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Q & A / Harper S. E. Bishop

Doing whatever it takes

Bishop is currently director of movement building for PUSH

Photo by Stephen Gabris


Name: Harper S. E. Bishop

Current title: Deputy director of movement building at People Untited for Sustainable Housing (PUSH)

Age: 34


As a basketball player at Houghton College, Harper Bishop lost an athletic scholarship when he was outed as queer to a hidebound administration. Bishop, now thirty-four, was galvanized into activism. “I learned that solidarity lies with others who are marginalized and oppressed,” says Bishop, who identifies as trans and references his past with the initials that stand for his birth name, Sarah Elizabeth. A political science major in college who’d planned on becoming a missionary, the East Aurora native soon veered into a slightly different mission, working to bring equity and economic justice to the larger community. He was executive director of Buffalo First, promoting a strong local economy; served as legislative assistant to the late Delaware District Council Member Michael J. LoCurto; worked for the Coalition for Economic Justice; and was director of equitable development for Open Buffalo. This year, he joined PUSH as deputy director of movement building. He is married to Jennifer Connor, cofounder of Justice for Migrant Families WNY and a teacher at the International Institute.


You’ve been agitating and organizing for a long time. What’s the best part of your work?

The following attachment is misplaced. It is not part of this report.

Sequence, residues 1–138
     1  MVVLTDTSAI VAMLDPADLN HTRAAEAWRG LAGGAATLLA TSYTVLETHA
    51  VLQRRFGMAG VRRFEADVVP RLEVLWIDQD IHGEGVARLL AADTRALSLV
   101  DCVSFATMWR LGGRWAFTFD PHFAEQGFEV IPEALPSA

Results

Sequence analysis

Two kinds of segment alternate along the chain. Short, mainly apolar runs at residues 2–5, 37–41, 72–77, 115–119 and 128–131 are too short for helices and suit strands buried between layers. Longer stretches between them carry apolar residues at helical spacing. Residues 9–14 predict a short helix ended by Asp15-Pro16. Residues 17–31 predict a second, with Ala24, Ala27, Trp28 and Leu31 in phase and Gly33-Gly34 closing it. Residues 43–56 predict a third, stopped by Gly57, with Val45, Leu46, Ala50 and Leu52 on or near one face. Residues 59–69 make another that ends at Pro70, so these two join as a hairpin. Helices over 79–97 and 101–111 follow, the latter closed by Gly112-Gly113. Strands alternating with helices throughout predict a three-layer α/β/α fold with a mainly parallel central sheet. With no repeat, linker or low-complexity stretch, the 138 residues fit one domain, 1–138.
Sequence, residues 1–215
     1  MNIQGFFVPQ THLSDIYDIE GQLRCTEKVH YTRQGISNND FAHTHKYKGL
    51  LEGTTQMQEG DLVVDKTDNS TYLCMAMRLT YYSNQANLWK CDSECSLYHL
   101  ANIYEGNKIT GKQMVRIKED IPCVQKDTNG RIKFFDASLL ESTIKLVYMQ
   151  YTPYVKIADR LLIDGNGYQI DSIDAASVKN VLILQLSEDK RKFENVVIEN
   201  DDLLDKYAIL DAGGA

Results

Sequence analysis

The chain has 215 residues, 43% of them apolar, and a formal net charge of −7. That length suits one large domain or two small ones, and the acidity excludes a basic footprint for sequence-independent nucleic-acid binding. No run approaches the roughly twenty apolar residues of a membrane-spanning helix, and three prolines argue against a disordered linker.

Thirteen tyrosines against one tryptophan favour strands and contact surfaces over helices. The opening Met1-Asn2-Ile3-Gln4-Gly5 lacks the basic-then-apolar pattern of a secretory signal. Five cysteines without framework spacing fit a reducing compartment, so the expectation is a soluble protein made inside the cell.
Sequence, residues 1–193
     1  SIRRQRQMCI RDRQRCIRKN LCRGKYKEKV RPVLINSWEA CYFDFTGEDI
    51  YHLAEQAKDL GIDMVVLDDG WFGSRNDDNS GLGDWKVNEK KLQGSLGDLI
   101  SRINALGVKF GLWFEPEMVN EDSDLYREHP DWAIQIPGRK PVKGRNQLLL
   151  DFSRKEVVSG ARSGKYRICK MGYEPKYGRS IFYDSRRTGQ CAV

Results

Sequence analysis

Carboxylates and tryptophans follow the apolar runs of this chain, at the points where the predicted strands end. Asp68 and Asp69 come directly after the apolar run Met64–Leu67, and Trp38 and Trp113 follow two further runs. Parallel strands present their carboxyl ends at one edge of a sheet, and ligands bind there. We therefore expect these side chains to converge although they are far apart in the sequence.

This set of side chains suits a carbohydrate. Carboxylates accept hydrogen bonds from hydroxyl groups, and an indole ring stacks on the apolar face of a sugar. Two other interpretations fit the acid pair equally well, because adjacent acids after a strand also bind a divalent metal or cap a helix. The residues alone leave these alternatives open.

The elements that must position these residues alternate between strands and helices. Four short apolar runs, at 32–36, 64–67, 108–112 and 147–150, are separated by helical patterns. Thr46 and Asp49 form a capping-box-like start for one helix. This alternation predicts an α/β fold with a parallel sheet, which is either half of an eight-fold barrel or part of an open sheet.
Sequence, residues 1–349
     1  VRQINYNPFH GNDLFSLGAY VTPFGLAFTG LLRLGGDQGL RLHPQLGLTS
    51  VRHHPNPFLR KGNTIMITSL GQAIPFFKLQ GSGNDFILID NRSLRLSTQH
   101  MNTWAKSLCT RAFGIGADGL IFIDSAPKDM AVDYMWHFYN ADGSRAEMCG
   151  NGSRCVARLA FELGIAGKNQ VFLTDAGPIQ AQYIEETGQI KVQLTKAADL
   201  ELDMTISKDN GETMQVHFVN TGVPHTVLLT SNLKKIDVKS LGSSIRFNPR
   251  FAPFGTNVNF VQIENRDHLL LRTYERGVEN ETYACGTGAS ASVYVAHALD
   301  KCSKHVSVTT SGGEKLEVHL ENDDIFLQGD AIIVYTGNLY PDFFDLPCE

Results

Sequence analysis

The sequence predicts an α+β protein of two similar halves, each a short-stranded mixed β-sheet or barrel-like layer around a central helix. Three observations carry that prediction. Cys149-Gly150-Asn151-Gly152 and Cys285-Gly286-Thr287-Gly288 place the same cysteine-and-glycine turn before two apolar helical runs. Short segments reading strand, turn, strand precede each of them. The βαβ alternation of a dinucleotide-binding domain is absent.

Connecting community—building power alongside residents to make changes in their community, and our community as a whole. Training youth in this work is important. And I have seen change. What’s hard is holding a long-term vision of what can be, and will be, for generations to come. We always say this is legacy work!


So you may not see all the hoped-for change in your lifetime. What keeps you motivated?

I believe in the intrinsic value and dignity of every individual. The awakening I had in college was the realization that the world is safe for some, but not for those who are marginalized.


What keeps you sane?

Self-care is really important for people who are fighting systems of oppression all day, every day. My wife Jennifer and I have made a commitment to having dinner together three to four times a week. We value our connection to nature, and also love to travel.


Tell us something about yourself that might surprise people.

I really love cheesy pop music and really bad romantic comedies. I can quote every line in every Mary-Kate and Ashley Olsen movie. My sister and I loved to dance to NSYNC and the Backstreet Boys—it was one way for us to bond; she was ultra-feminine and I was a real tomboy.


What’s the wildest thing you’ve ever done?

Helping to oust Carl Paladino from the school board. I was part of a group of anti-Paladino demonstrators that shut down some board meetings; finally, we heard that the state education commissioner was removing him. Friends who agreed with me on the issues had said to forget it, he was too entrenched, too powerful—it would be impossible to oust him. Well, this is why we do what we do. What is the job of an organizer but to make the impossible possible?


Best advice?

My maternal grandmother used to say, “You work for God, not for man,” meaning you work for the greater good, not self-aggrandizement. I also adhere to the opposite of the idea that hurt people hurt people; that is, healed people heal people. And that is our work, to heal ourselves, our people, and our communities.



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